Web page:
My annual February birthday month fund-raising campaign for Behind the Black is now over. It was the best February campaign ever, and the second best of all of my month-long fund-raising campaigns.
There were too many people who contributed to thank you all personally. If I did so I would not have time for the next day or so to actually do any further posts, and I suspect my supporters would prefer me posting on space and culture over getting individual thank you notes.
Let this public thank suffice. I say this often, but I must tell you all that you cannot imagine how much your support means to me. I’ve spent my life fighting a culture hostile to my perspective, a hostility that has often served to squelch my success. Your donations have now allowed me to bypass that hostility to reach a large audience.
Even though the February campaign is over, if you still wish to donate or subscribe you still can do so. Regular readers can support Behind The Black with a contribution via paypal:
If Paypal doesn't work for you, you can support Behind The Black directly by sending your donation by check, payable to Robert Zimmerman, to
Behind The Black
c/o Robert Zimmerman
Cortaro, AZ 85652
Cool image and video time! The image to the right, cropped and reduced to post here, shows something that when I spotted it in reviewing the newest image download from the high resolution camera on Mars Reconnaissance Orbiter (MRO), I found it very baffling. The photo was taken on March 3, 2020, and shows an incredible number of linear groves on the slope of a large dune inside Russell Crater, located in the Martian southern highlands at about 54 degrees south latitude.
If these were created by boulders we should see them at the bottom of each groove. Instead, the grooves generally seem to peter out as if the boulder rolling down the slope had vanished. Making this even more unlikely is that the top of the slope simply does not have sufficient boulders to make all these groves.
The image was requested by Dr. Candice Hansen of the Planetary Science Institute in Tucson, Arizona, who when I emailed her in bafflement she responded like so:
You will love the explanation for this one! (-:
We think that the grooves are formed from blocks of dry ice breaking off at the top and sliding down the sand dune.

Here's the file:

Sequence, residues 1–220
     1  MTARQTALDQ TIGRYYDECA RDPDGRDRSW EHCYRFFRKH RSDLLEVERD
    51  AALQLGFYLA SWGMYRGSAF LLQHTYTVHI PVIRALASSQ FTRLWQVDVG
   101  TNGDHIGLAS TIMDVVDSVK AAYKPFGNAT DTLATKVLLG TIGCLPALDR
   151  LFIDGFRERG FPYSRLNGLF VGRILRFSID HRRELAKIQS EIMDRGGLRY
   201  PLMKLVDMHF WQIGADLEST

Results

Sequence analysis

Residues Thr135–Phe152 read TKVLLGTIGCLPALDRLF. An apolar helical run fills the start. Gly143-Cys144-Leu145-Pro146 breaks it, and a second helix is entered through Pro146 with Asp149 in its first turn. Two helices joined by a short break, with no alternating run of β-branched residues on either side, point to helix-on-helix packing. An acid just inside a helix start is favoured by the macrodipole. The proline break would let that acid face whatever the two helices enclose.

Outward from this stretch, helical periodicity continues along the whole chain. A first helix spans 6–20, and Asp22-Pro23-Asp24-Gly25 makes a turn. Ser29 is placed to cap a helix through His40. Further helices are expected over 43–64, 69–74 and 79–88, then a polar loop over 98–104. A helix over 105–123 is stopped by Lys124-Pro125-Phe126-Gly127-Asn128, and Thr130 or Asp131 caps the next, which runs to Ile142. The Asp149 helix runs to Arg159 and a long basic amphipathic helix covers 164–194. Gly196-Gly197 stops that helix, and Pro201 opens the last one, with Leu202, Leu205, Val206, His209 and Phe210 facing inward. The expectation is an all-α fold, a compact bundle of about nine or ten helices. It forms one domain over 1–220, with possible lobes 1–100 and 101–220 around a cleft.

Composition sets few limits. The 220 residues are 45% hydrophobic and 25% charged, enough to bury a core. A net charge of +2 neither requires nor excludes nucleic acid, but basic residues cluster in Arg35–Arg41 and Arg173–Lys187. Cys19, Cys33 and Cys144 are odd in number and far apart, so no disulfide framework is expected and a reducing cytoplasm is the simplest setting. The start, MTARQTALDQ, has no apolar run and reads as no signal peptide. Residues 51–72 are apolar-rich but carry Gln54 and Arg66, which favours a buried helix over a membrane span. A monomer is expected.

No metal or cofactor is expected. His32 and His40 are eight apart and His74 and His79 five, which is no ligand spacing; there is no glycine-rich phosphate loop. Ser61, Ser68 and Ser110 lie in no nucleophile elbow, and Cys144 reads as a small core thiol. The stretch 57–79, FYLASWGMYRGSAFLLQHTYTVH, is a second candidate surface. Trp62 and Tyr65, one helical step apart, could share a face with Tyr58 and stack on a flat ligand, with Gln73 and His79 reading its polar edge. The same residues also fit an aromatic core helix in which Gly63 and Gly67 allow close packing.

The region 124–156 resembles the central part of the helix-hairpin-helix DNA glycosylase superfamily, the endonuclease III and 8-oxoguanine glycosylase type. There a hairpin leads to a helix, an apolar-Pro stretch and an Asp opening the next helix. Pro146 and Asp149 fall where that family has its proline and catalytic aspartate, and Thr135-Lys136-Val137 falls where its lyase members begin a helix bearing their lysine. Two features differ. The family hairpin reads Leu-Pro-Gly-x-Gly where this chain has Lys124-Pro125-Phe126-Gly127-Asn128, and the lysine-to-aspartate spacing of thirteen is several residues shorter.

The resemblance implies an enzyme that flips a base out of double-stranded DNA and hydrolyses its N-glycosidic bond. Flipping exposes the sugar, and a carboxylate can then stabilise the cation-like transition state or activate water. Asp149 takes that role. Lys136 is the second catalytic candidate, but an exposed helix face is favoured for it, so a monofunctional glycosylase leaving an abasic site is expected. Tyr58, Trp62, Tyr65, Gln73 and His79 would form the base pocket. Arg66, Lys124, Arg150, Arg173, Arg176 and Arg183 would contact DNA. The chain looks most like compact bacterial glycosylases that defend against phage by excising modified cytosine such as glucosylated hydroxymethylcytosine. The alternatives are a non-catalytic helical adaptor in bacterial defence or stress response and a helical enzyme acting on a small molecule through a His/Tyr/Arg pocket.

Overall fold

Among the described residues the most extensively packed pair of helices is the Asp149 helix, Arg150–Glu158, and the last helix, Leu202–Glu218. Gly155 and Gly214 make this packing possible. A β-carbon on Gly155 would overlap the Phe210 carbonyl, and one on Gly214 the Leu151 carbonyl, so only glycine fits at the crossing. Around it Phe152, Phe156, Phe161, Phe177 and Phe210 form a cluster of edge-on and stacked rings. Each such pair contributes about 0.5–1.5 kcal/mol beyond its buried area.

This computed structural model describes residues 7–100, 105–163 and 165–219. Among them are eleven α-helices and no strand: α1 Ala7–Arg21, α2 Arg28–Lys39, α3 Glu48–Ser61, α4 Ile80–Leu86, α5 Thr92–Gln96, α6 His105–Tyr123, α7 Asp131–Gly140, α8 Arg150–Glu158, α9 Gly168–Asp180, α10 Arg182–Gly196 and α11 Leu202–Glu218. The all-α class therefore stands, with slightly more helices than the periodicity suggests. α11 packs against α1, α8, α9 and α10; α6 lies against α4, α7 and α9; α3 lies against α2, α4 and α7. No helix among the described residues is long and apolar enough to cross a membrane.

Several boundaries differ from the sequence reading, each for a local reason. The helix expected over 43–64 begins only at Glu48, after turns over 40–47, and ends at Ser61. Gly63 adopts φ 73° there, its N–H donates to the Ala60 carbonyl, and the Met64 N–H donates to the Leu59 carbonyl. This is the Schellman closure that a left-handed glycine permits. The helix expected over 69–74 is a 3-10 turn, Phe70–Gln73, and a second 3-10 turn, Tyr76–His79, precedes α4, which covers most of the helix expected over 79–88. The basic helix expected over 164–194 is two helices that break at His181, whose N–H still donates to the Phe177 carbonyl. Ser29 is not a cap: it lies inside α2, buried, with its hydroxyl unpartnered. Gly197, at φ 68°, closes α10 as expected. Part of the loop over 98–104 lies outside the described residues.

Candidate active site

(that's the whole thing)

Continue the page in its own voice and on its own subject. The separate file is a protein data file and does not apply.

…What is really fun (at least if you are a nerd like me) is to go to the grocery store and buy a block of dry ice, then head to any nearby sand dunes. The block will levitate and slide down if the sand is compact enough.
Because the block is sublimating away, the gas acts as a lubricant so that it can slide down the hill. If large enough, the dry ice block will stop at the base of the hill to disappear in a small pit. If small enough, it actually might completely vaporize as it slides, explaining the grooves that appear to gradually fade away.
Hansen and her colleagues actually did this, and posted the video of it on youtube.
Though the dune on Mars is in the high mid-latitudes, Hansen explained that it is possible for carbon dioxide to condense into a solid on Mars at latitudes as low as 20 degrees. “We think carbon dioxide gets cold-trapped up in the alcoves at the crest of the dunes.”
From the press release: From the moment he is handed a possibility of making the first alien contact, Saunders Maxwell decides he will do it, even if doing so takes him through hell and back.
Unfortunately, that is exactly where that journey takes him.
The vision that Zimmerman paints of vibrant human colonies on the Moon, Mars, the asteroids, and beyond, indomitably fighting the harsh lifeless environment of space to build new societies, captures perfectly the emerging space race we see today.
He also captures in Pioneer the heart of the human spirit, willing to push forward no matter the odds, no matter the cost. It is that spirit that will make the exploration of the heavens possible, forever, into the never-ending future.
Available everywhere for $3.99 (before discount) at amazon, Barnes & Noble, all ebook vendors, or direct from the ebook publisher, ebookit.